My X-T2 along with the 23mm f2 and the 35mm f1.4 arrived a week before I set off on my 24 hour project. Now I will be totally honest here, I didn’t read the manual or watch any tutorial videos for the XT2, I simply took it out of the box and fiddled with the buttons and dials till I felt comfortable with it. Everything seemed so intuitive from the start and as I knew the specific features I wanted the camera to do for me to get started, I just nosed around till I found them. (The main things I needed for this particular project was how to access the WIFI, how to activate the silent shutter and how to control the EVF to and from the LCD). And here’s where I stumbled across my absolute favourite customisable feature on this camera which is the ability to set the AE-Lock to the front most button that lies near the lens. Having this here makes exposing so quick and basically means I can leave the camera on A-ISO and A-SS 90% of the time. A quick glimpse at the screen is all I needed to check exposure then my index finger or middle finger would comfortably sit on this button for as long as I needed (depending on if I was triggering with my thumb or index finger). However I did find the sensitivity of the EVF a little difficult to deal when shooting from the hip so I’d have to hit the button to switch to LCD only quite frequently. It does the trick, but the problem was when I forgot to switch back to auto I ended up missing a couple of shots when I’d stick the camera up to my face and the EVF wouldn’t override the LCD screen.
Shooting street with the X-T2 felt so natural on the underground; I’d like to say I felt invisible when shooting candid, but I’d be lying of course. The thing with carrying a camera on the underground is that people notice you, regardless of if the camera is pointing in their direction or not. It just seems to catch their eye. I’m not entirely sure if this is sheer curiosity as there’s not much else to do whilst stuck in this vessel along with other commuters. Or if it’s fear of being photographed? The moment my hands touched my camera, I could feel eyes were locked on me. The challenge was to find a way of taking pictures as inconspicuously as possible, just so I can capture real, authentic moments. So I took full advantage of switching to ES shutter mode and turning off the focus assist lamp. These 2 things alone meant I could shoot up close like a ninja.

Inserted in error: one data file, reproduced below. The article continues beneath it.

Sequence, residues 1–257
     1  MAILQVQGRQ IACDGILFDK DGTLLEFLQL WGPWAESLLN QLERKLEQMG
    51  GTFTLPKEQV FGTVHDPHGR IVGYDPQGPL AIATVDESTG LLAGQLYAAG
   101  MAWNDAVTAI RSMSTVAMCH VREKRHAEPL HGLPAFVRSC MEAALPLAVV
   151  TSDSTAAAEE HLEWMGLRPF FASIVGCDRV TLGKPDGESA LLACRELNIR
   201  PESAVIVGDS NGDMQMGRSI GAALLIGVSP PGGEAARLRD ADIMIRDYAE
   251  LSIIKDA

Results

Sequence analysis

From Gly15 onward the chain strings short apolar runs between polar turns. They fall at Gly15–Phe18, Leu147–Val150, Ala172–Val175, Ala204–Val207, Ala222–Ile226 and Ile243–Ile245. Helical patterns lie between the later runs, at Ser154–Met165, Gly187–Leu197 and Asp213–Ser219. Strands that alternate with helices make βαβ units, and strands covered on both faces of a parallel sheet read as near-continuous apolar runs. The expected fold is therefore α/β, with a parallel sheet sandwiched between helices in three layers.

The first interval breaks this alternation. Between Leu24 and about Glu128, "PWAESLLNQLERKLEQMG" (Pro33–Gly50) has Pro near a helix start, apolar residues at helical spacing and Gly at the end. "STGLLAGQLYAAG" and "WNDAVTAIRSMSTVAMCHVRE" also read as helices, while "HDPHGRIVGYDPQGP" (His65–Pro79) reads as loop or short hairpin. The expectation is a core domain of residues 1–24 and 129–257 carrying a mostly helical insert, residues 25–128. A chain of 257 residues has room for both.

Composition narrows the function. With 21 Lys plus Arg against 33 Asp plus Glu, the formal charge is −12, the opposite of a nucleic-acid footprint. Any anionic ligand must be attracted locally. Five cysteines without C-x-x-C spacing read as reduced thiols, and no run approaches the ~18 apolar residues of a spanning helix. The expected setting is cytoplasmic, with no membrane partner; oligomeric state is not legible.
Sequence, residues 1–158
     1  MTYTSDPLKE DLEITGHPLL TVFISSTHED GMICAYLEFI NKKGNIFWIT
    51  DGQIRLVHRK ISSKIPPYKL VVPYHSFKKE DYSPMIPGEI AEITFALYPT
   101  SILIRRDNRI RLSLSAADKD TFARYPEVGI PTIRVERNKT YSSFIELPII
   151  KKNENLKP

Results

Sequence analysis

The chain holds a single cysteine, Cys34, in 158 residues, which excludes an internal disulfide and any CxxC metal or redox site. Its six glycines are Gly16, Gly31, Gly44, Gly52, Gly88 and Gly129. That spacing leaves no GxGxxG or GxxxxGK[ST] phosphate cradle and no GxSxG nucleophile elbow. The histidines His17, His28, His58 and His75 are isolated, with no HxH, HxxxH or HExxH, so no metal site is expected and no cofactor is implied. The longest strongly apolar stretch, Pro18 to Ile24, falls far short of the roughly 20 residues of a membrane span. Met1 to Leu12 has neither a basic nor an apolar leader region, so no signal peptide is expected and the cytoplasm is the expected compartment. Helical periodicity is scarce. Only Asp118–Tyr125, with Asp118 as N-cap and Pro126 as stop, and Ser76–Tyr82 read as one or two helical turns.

Before I wrap up this piece I’d like to mention the 35mm f1.4. It’s beautiful. There’s absolutely no doubt about that. It’s sharp and the bokeh is glorious when shot wide open, which is actually how I shoot 99% of my work. But when it came to fast moving subjects in rush hour, it struggled to focus quickly enough. Along with that the noisy motor just gave me away constantly when I was up close. I did manage to capture a few shots but at a much smaller success rate. This lens just needed more attention to get the shot and arguably a little practice. The 23mm on the other hand is like nothing I’d ever shot with before. EVER. This little beast just refuses to mis-focus, even when shooting from the hip and that quick, silent focus motor was wonderful to work with. In saying that, having recently took both lenses out to Cambodia the 35mm was just incredible in the local food markets – Isolation was brilliant and that focal length worked really well when you have a little more space. But when it came to me using the X-T2 on the underground for 24 hours with minimal Fuji experience and limited space, it was the 23mm f2 that saved me. The project would have gone very differently if I didn’t have this lens. I’m not saying it would have been a disaster, but it would have influenced my decisions throughout the day and I think the hesitation to shoot could have had some effect on the end result. But who knows? Maybe that’s another 24 hour project, on another line one day?